William S. Burroughs was a high modernist and a writer of complete trash; the two are by no means mutually exclusive. He was a genius and a bullshit artist. If his books prove anything, it’s that profundity and inanity can skip along merrily arm in arm. Sometimes his work was heavyweight, sometimes dumb. To borrow a Freudian analogy, sometimes a cigar really is just a cigar and sometimes a man who taught his asshole to talk really is just a man who taught his asshole how to talk (what it’s saying and why is a different story). The paradox of the freest writer being a lifelong junky is really no paradox at all. As a user and pedlar, he understood the mechanics of how it all worked and kindly pointed it out to us, even as he was picking our pockets. He was a stiff morose patrician figure in a suit (so much so his friend Herbert Huncke initially took him for an undercover agent) with books and a history full of debauchery and depravity. If there seems a contradiction there, it’s in the eye of the beholder. What makes Burroughs’ work seem prophetic is that he was perceptive enough to see that people don’t change, the secret to all successful prophecies. We’re still continually re-enacting Greek myths on a daily basis and always will. Psychosis may mirror the zeitgeist (whether it’s paranoia of witches, Jews, communists, drug fiends, Islamists or whoever next) but its essential character doesn’t alter. The bugs and the feds are always with us and there’s only so much one man can do, calling door to door with an extermination kit.
In this triumvirate of maverick American talents, David Lynch emerges as the most old-fashioned, that is to say, formally consistent photographer. In The Factory Photographs he is represented by his pictures of the single subject of the title – deserted industrial spaces. (He also photographs nudes and forlorn snowmen.) His black-and-white photographs of decaying buildings are really black and grey. Taken as a whole they make a kind of elegy to industrialism and, in their ominous darkness, possess a unified aesthetic that sets him apart from the other two artists.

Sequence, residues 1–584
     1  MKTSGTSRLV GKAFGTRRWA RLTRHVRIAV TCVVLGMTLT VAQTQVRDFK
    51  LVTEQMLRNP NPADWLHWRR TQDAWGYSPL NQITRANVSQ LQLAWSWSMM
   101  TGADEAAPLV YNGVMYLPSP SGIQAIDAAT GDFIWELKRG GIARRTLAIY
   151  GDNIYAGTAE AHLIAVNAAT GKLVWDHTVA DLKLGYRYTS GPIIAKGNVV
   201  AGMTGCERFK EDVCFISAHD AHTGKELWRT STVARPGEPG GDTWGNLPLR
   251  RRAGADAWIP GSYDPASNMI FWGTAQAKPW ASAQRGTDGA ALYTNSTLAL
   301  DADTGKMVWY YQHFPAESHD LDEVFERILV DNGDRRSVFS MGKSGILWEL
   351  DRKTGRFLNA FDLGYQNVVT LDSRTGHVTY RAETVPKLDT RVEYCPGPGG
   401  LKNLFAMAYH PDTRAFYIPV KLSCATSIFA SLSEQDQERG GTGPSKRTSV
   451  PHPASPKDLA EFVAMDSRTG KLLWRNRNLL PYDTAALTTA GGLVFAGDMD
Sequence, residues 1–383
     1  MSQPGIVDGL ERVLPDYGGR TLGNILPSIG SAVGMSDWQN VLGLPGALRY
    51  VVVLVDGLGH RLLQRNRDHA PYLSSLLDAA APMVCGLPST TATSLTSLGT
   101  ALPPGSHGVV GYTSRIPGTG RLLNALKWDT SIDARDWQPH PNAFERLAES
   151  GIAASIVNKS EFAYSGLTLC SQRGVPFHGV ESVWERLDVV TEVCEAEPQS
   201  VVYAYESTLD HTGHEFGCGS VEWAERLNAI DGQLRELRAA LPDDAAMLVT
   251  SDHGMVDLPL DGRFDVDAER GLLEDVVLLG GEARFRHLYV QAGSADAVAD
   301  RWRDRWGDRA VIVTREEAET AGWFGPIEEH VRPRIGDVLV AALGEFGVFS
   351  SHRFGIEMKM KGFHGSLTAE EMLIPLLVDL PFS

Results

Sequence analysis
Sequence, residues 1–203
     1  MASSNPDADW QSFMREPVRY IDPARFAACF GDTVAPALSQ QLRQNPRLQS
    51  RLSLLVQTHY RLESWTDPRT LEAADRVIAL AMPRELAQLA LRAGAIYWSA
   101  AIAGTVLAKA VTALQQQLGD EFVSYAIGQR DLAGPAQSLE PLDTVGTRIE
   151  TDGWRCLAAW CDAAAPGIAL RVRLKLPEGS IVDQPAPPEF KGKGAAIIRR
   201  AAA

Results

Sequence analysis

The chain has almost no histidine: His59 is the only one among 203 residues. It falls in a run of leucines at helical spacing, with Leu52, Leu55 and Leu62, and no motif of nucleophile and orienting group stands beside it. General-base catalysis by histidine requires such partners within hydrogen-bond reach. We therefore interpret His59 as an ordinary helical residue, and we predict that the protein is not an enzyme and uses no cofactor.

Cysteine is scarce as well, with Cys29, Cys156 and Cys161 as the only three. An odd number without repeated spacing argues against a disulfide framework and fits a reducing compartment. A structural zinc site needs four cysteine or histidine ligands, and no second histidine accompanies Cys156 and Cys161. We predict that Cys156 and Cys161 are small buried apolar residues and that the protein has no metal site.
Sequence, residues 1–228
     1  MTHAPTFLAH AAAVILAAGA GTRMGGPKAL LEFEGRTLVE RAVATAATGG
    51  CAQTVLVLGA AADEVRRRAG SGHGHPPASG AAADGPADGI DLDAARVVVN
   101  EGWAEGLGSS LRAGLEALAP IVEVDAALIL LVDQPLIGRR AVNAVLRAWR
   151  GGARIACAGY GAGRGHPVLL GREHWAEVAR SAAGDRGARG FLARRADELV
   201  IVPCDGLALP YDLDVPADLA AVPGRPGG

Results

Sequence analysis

By David Gavan.
[Image: © Geoff MacCormack / Genesis Publications 2013]
“What a terrifically clever idea this is. I am all kinds of shades of green as I didn’t think of it first. Take the two of us and pretend that we went to America, Japan and, wait for it, fucking Russia of all places, me as a rock star and you as a cheerful backing singer and sidekick and then write a book about it. Brilliant! Will you actually be able to get this stuff published, do you think?”
– David Bowie, from the foreword to From Station to Station: Travels with Bowie 1973- 76
Back in January 1973, Geoff MacCormack was selling advertising space for a London construction magazine when he was head-hunted in the most astounding manner. A telephone caller told him (“Forget being asked”) that he was to provide backing vocals and percussion for Ziggy Stardust’s band, the Spiders From Mars, during their forthcoming world tour. The voice on the ‘phone belonged to David Bowie. By the end of the month, MacCormack (along with his camera) was bound for New York with his famously flight-phobic new boss on the opulently appointed SS Canberra.
“If that wasn’t cool enough,” he recalls, “David wasn’t keen to fly, so we travelled to America, Japan and Russia by road, sea, and rail, which was an absolute bonus. The week-long cruise to New York was as un-rock ‘n’ roll as it gets, so we’d kill the boredom by dressing for dinner, getting blotto, and chatting with our fellow passengers. During dinner we’d do our Oscar Wilde and Bosie routine: I’d ask David, ‘More vegetables, my dear Oscar?’ And he’d roll his eyes disdainfully and say, ‘I find vegetables so very vulgar.’ Obviously, we stood out a bit!